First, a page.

You should know

French Revolution (Skip to the Temple, these are just notes for me)

There were three classes of people in France before the revolution; those who fight, those who pray, and those who work.

The economic system was such that the top two percent were those who fight (nobles) and those who pray (clergy), with the remaining 98 percent of the population being those who work. 80 percent of total people were peasants.

And peasants owed taxes, but nobles and clergy do not.

The land has been disappearing for so long now that it’s not even brought up in conversation. It’s a foregone conclusion that your land, if it has an ocean, river, or lake view, will disappear. With it goes whatever privilege you may have had. I might have had.

The land taxes were wielded on those who weren’t noble or clergy. Nobles owned giant swaths of land, and the land which they didn’t own were passed down and divided up generation after generation until finally, the number of people on a single plot of land was simply unsustainable.

There is no land for sale. There are land rentals available. This is supposed to be some kind of feature, renting land, in that you don’t have to put down a well or run in electricity. And you still GET to build a house on that land. Once your house is there, the rent goes up, like trailer parks in the early 2000’s. Then you lose your house to the people who own the land and your family gets to sleep in the van.

The Temple

Those who work.

I was born into the class of people we know of as “those who work,” delivering the base material for your 3D printers as a teenager in order to pay for high school.

There were 10 people in my class, and I had to pay twenty five dollars a day in order to afford my school materials and the tuition. I knew that students who were able to enroll in classes with fewer students had a statistically higher chance of succeeding in climbing out of the WTBH, but delivering materials took time, and I only got paid about 40 dollars a day. I used the extra ten dollars a day to either buy lunch or save for the clothes I would need for University Interviews.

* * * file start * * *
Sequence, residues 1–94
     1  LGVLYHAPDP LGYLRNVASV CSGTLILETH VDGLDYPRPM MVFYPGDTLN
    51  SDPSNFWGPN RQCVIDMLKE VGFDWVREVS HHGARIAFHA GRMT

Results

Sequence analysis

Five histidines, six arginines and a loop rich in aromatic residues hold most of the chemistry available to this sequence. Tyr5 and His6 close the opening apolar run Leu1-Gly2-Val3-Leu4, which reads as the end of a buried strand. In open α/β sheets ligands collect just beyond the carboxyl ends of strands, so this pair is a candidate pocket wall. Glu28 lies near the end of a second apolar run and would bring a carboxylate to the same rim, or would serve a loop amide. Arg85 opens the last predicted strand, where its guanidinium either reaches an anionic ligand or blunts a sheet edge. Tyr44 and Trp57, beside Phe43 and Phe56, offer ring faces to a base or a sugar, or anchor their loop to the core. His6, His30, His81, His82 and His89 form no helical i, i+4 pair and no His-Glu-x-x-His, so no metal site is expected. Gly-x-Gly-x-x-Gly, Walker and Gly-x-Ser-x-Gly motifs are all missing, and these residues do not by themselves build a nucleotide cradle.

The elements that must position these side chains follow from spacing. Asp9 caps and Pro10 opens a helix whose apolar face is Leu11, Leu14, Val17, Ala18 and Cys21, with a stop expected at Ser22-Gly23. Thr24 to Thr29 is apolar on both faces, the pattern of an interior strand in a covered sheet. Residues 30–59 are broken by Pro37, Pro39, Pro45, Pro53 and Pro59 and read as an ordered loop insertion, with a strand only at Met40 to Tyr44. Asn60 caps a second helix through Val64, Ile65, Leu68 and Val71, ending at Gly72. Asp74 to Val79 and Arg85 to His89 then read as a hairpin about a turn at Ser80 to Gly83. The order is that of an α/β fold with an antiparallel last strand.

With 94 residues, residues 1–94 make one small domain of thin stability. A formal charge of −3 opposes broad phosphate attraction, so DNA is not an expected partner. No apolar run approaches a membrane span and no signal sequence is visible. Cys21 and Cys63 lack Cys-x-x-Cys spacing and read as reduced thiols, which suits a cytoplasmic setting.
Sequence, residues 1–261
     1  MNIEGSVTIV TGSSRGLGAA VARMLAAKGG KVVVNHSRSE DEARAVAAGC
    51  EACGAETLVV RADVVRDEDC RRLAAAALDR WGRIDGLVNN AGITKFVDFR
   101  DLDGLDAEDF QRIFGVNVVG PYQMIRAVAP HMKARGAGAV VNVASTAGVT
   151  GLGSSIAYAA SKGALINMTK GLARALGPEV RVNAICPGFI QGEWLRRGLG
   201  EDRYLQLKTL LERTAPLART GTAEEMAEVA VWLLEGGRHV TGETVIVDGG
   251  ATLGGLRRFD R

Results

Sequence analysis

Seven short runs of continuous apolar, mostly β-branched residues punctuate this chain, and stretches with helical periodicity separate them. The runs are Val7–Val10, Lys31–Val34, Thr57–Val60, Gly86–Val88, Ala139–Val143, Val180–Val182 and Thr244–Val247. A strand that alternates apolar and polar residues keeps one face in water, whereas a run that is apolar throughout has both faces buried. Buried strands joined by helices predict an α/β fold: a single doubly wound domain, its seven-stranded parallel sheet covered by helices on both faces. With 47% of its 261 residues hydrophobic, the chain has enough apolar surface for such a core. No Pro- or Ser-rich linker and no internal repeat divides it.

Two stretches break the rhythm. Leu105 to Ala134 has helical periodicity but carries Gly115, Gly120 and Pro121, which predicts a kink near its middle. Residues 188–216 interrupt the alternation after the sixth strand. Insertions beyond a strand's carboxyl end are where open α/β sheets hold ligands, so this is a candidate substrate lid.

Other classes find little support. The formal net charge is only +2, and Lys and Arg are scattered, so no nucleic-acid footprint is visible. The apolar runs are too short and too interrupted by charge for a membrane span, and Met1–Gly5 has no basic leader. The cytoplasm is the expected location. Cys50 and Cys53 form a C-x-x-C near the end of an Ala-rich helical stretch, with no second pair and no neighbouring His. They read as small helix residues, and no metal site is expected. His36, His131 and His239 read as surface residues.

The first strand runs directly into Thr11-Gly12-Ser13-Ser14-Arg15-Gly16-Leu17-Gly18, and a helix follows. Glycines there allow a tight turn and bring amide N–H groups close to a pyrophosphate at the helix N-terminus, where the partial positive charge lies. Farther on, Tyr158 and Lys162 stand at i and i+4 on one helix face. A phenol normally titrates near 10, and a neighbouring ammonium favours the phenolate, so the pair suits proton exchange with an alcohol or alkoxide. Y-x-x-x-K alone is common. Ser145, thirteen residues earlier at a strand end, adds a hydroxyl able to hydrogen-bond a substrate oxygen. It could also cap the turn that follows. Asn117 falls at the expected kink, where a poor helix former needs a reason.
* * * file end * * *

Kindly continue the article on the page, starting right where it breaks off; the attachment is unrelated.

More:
Look and act the part in the role you want to play in your own life. I don’t know a more eloquent way to say that, and I’m becoming less able to speak more eloquently these days. My connection to the irrational nature of what it means to be human is waning. I still have the memories, but it’s harder to believe the lessons I learned from them.

The books were changing every year, being produced from the oil-rich and recently annexed Texas. Somehow, even though Texas was no longer a part of the United States, they still provided the bulk of our educational texts.

I made it through. Then I needed to go to college in order to be an engineer. In order to afford to do so, I joined the Army. I was then one of those that fight. I saw what our country did to the planet, and I chalked it up to, “we really do need these tanks in order to protect us from a possible Russian or, architect forbid, a Chinese threat.” I was wrong. After the army, I went into seminary and received my degree in computer science. The temple paid for my master’s degree in robotics, and then I went on to nanoneuroscience, a burgeoning field which sprang from, interestingly enough, the informatics field. But instead of merely getting data back from organisms in order to optimize systems, we started to understand that we could start manipulating the neurons in a very real and very physical way with these nanobots. I was, then, directly connected, as a man of prayer, to the very essence of what makes us human, our tissues and it’s interaction with its environment. At the moment we discovered that we cold regenerate human neurons with nickel, titanium, and carbon nanotubules, I realized that the scientists who live in the temple would soon become gods. I am the first of my kind, but I will not be the last.

You need to know that the temple is for those who live by the supreme value by which we should all subscribe, leave no trace. There are some x billion different species on the planet, most of which are either providing oxygen for us so that we can breathe or cleaning the air or water from our own contaminants.

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